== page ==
In Chattanooga, I have an agent, mortgage broker, and property manager —- although I might be switching up my PM pretty soon. My mortgage broker introduced me to my real estate agent, who brought my last 3 deals to me.
What other team members have been crucial to help you get started?
Chad – you’ve been a big help along the way – as well as our mastermind group.
[Chad: Thanks Travis! That means a lot. It’s been fun to watch you grow and build this business from across the country.]
6. Financing & Cash
What type of financing did you use for your first deal (or deals)? And was it difficult to obtain this financing?
Traditional financing with the help of a mortgage broker. Not difficult at all.
[Chad: This is a great example of playing to your strengths. Travis is a busy guy with a full-time job, which makes carving out time for his investing tough. But he does make good income from that job and has good credit, so traditional loans are easier to get. This is when you go for it and try to get as many of those long-term, low-interest loans as possible before you hit your max at 5 to 10 loans.]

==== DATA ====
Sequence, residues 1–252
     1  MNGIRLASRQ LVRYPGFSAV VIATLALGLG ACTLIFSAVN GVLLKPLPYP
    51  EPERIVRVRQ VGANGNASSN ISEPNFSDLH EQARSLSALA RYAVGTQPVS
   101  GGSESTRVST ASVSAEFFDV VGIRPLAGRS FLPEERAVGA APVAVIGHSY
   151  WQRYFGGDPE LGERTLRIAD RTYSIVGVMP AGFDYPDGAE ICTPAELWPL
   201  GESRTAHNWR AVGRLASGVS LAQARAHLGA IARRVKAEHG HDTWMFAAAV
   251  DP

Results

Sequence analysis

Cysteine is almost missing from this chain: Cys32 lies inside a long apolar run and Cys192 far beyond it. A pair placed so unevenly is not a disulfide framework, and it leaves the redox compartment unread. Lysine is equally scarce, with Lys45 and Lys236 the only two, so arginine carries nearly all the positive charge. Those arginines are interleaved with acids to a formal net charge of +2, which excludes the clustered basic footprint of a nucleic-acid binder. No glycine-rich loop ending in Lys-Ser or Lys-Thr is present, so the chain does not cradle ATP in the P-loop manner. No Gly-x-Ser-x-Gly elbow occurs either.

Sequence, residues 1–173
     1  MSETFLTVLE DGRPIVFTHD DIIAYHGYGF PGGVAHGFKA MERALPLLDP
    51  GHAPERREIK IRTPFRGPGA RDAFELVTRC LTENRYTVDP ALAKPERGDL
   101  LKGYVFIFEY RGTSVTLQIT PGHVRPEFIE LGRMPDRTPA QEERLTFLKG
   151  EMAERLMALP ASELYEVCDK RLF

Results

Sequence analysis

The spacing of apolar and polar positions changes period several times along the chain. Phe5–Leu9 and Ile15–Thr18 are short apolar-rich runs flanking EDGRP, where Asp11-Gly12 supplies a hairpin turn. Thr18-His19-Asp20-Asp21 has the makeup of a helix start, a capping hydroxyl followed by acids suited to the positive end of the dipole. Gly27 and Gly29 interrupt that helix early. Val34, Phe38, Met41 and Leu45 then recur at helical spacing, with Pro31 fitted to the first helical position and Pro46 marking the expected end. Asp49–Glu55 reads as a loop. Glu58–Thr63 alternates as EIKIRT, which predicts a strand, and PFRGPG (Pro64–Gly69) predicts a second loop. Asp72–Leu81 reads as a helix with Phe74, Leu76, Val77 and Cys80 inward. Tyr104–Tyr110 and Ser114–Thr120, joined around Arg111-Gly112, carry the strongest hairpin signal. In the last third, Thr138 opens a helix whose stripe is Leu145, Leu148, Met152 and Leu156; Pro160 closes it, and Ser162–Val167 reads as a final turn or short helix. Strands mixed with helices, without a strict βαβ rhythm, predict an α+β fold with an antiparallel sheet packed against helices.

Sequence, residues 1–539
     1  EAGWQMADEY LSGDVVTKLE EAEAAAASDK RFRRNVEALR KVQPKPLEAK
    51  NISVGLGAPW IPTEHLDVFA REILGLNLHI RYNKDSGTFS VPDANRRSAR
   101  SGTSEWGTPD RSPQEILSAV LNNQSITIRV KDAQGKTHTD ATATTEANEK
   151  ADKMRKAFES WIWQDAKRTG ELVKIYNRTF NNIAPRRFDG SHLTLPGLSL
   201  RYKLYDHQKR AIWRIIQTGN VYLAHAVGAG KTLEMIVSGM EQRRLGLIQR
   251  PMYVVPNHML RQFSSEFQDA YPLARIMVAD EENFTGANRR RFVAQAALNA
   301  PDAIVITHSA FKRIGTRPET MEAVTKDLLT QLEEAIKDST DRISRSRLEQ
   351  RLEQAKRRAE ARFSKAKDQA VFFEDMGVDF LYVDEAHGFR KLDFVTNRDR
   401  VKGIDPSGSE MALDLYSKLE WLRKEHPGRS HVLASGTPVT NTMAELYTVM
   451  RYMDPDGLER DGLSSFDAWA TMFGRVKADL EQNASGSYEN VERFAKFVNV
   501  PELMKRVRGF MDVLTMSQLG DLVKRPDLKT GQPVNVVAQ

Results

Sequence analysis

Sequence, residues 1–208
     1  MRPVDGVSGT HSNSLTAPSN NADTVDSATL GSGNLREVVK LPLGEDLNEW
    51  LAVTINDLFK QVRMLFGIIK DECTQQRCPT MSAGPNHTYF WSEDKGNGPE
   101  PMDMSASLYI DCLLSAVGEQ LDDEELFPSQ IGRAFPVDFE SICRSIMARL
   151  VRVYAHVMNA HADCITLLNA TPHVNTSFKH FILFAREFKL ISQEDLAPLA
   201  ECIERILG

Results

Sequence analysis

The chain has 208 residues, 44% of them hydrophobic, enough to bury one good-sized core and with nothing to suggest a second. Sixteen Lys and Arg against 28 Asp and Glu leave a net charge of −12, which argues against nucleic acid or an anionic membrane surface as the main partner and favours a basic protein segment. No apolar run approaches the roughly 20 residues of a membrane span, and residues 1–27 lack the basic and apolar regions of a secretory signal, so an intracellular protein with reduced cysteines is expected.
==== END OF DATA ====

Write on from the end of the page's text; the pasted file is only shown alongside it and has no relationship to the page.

Do you plan to continue using this financing in the future? If no, what financing is next? Why?
Probably, but I’m sure there I’ll tap into private or seller financing at some point.
Where did you get the cash for your first down payment, fix-up money, and reserves? How much did you need to raise?
I got the cash from savings. I have a business partner and we put in 70K each (Down payment and rehab). 6 months later, we refinanced and bought our 2nd rental using the cash from the 1st property.
[Chad: Saving money. Not sexy, but critical!]
7. Deal Finding
How did you find your first deal(s)? What was the owner’s situation that motivated them to sell?
My agent brought it to us. The seller was an elderly lady who lived there for several years and was transitioning into a nursing care facility.
Did you try any deal-finding strategies that didn’t work?
Not really. Our search was pretty traditional. Our agent knows the area well and brought us any deals he thought were worth looking at.
How many potential properties did you look at and/or make offers on before buying your first deal?
We submitted only 2 offers before closing on our first property.
[Chad: It doesn’t always work this easily! But I’m happy it did for Travis in this case. I’ve had other students who made 10-20 offers before finally getting one that worked.]
Your First Real Estate Deal
What were the basic numbers like purchase price, remodel costs, rent, resale price (if applicable)?
Purchase Price: 315K
Remodel Cost: 70K — added a bathroom, new plumbing, electrical, upgraded kitchen.
What were the biggest struggles and challenges on the way to your first deal?
We greatly underestimated what our rehab would cost — and how much time it would involve. My business partner and I (who’s a childhood friend) also had to have some difficult conversations about involvement and contributions. Finding a tenant was also a little stressful even though we found renters within 2 weeks.